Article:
In a response to a journalists’ recent FoI, Tusla stated that they do not collate their rate of founded/unfounded determinations. A number of Oireachtas members have asked Tusla for their numbers on founded/unfounded determinations. These answers have been difficult to decipher but if we understand the latest response to a parliamentary question properly, Tusla makes ‘referrals’ in, on average, only 5% of adult historical reports regarding those who may continue to pose a risk to children. What proportion of child cases are deemed ‘unfounded’ is still not a figure that would appear to be available to the Oireachtas or the public.

Link to latest PQ see 547 & 548 http://oireachtasdebates.oireachtas.ie/debates%20authoring/debateswebpack.nsf/takes/dail2018032700082?opendocument#WRZ04700

For more information

Clíona Saidléar, 087 2196447

24th April 2018

RCNI appalled by incident of ‘rape list’ in school toilets and call for urgent action

Today it was revealed that a school in Cork found a list of girls’ names written on the wall of the boy’s toilets with an invitation to vote with ticks for the one that would then be subjected to rape. The school reacted promptly but this incident leaves many questions. RCNI hope both those directly involved and the whole school community are receiving the support and appropriate response they need.

Clíona Saidléar, Executive Director of RCNI said, ‘the threat to rape a child is such a serious matter and should be considered by the Gardaí and an investigation opened if appropriate. This story comes a day after rugby pundit Willie John McBride on an RTE radio programme described sexist, disrespectful and violent behaviour by male sports stars as mere silliness for which no young man should be held accountable. Is it any wonder our young boys think threats to rape are a joke?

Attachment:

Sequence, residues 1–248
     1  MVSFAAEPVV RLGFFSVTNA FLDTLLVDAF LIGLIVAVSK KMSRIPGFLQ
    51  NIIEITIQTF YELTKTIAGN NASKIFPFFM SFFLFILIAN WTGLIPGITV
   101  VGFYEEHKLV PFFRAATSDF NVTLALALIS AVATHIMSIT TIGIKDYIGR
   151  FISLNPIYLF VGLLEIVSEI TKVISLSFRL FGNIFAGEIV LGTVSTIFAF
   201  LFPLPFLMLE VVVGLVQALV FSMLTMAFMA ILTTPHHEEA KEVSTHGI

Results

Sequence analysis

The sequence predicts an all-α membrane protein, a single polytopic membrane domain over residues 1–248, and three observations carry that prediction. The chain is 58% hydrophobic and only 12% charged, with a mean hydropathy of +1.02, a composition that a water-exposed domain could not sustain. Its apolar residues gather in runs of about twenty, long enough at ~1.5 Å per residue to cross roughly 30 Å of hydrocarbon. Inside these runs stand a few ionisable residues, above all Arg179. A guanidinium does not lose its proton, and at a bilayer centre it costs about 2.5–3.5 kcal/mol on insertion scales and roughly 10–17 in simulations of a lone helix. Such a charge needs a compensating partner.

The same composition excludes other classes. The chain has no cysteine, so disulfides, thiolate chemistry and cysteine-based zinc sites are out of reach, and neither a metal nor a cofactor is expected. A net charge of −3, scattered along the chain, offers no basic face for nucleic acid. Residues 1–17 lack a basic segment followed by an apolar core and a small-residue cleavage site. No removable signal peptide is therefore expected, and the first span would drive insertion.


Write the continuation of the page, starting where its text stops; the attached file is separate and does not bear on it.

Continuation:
‘RCNI acknowledge that the Minister for Education and Skills Minister Bruton has announced a review of the sex education curriculum in all schools, ensuring consent education is available. This is clearly urgent and important.

‘We would also urge him to ensure schools and parents can no longer exempt their children from this right to be informed. The Provision of Objective Sex Education Bill 2018 to be debated on the 18th of April in the Dáil seeks to do that.

‘The school in question appear to have responded promptly and are proactively engaging with the whole school community but it must be acknowledged they do so in a vacuum. It may be unfair to judge this schools’ response to this crisis as no national policy or guidance exists to deal with this situation. RCNI have been advocating for a safe to learn strategy since 2013 when the Action Plan on Bullying excluded sexual harassment from its area of concern. There is no blue print for this school to follow. We would urge the Minister to address this gap in school supports urgently, both in our duty to provide care and a safe learning environment and as a matter of employment rights of the staff.’

Rape Crisis Network Ireland (RCNI) Press release
12th April 2018

For information
Clíona Saidléar 087 2196447